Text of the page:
The system comprises four mini-sized components, including a well-specified twin tape deck with soft-touch controls, CD player with 32 track memory, tuner-amp and graphic equaliser module. The curvy cosmetics are quite appealing though the control layout is rather haphazard and a tad fussy; the very busy displays can be distracting. Itís relatively easy to set up, with captive ribbon cables linking the components together, the big problem though is the speakers. Thereís two cables going to each enclosure, one with six strands, carrying high, mid and low range audio, the other, a 7-way flat ribbon carries power and control signals for the speaker motors. In short speaker placement is severely limited by the length of these cables which are only about 2-metres long. There are amplified outputs for rear surround and centre-front speakers, though these are not supplied.



The panoramic speakers are surprisingly effective, provided of course you can live with the shortish leads. With all of the effects options switched out it provides a gutsy full-bodied sound, always with plenty of power in reserve. The various digital processors can be amusing to play around with, thereís plenty of exotic avenues to explore, and you may even stumble across one or two permutations that actually enhance some types of music, though in general they add or subtract rather too much from the original to be taken too seriously. The CD and tape decks are both reasonably efficient with minimal noise and clean, evenly balanced outputs. Dolby 3-channel Logic, using just the supplied speakers provides breaths a little life in movie soundtracks but itís no substitute for the real thing and we suspect most owners will choose to add rear and centre-front speakers to get the full Pro Logic effect. The decoder works well, with good localisation of sounds and effects though set-up takes a little longer than normal as a result of having to locate the rear speakers more carefully to fit in with the main channel speakers.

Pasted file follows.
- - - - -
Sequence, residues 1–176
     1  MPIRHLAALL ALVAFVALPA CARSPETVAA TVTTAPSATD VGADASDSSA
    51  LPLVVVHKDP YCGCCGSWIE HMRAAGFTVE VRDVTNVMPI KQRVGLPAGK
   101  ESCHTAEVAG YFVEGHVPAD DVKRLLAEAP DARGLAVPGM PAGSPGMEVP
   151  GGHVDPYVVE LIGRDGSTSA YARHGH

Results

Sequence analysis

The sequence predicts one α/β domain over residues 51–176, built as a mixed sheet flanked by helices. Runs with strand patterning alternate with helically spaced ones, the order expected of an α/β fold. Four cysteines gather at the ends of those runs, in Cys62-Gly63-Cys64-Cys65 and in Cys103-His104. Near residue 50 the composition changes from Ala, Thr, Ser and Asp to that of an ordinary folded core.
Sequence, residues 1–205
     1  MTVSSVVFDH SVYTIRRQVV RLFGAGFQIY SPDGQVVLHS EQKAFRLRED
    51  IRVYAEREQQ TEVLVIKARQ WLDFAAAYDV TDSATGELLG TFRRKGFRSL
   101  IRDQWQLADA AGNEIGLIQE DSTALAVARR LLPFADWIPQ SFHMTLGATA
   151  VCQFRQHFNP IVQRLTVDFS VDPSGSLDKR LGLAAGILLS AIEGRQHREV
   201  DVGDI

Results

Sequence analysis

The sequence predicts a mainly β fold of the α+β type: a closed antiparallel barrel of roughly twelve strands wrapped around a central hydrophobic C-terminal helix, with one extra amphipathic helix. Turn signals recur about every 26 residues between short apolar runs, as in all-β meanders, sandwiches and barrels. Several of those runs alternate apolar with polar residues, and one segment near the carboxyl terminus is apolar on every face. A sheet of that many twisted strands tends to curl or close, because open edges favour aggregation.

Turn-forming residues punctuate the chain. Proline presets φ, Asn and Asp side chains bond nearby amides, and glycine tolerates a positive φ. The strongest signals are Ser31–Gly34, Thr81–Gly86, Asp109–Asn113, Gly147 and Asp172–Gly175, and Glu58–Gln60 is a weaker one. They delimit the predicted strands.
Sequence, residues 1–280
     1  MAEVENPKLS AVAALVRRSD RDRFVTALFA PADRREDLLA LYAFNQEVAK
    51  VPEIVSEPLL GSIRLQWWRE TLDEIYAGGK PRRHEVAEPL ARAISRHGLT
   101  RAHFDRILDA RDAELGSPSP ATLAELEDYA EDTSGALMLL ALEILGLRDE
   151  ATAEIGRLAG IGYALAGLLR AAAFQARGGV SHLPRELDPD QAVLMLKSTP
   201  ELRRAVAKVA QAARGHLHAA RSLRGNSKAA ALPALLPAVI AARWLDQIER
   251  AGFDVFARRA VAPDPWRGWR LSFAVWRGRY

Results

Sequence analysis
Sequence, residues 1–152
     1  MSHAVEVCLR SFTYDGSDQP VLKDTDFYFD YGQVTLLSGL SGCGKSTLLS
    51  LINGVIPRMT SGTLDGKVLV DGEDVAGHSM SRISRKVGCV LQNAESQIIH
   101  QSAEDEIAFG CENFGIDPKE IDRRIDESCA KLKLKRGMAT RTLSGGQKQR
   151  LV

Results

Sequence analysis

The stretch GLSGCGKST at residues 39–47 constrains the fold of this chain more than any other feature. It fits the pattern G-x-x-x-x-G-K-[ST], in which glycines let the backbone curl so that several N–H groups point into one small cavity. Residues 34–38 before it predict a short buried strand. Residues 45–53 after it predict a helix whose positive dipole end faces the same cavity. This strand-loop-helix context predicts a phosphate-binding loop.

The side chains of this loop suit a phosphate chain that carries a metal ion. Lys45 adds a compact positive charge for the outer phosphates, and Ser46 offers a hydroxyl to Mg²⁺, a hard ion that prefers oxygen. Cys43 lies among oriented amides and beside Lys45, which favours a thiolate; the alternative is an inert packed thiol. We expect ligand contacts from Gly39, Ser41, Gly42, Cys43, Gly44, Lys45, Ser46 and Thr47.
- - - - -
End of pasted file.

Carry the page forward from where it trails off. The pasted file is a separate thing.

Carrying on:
Plus: integrated speaker systems will appeal to those troubled by the thought of lots of little boxes around the living room and considering the limitations such an arrangement imposes, are surprisingly effective. Lotís of unusual facilities and fun to play with, up to a point. An appealing, well-specified system, uncontroversial sound for the price and built to JVCs usual high standards.


Minus: its strengths are also its weakness, and the speaker cabling imposes considerable limitations on placement. The basic configuration, without centre-channel and rear effects speakers produces a fairly bland sound-field and it can lack drama. A bit too much naff gadgetry, and over-complicated controls which distort the ease of use argument for AV system integration.


Value for money 85%


Sound quality              ****

Build quality                           ****

Features & facilities              ****

Ease of use                             ***



Features: Dolby Pro Logic, Dolby 3-channel,  digital acoustic processor (club, live, dome, hall, church); digital special effects processor (squeeze, vocal mask (karaoke), key control, scratch, flanger); special sound adjustment (exciting, relaxing, individual); tape music scan, continuous play, high-speed dubbing; CD auto edit, 32-track memory; tuner 10 station memory; recording/sleep/wake-up timers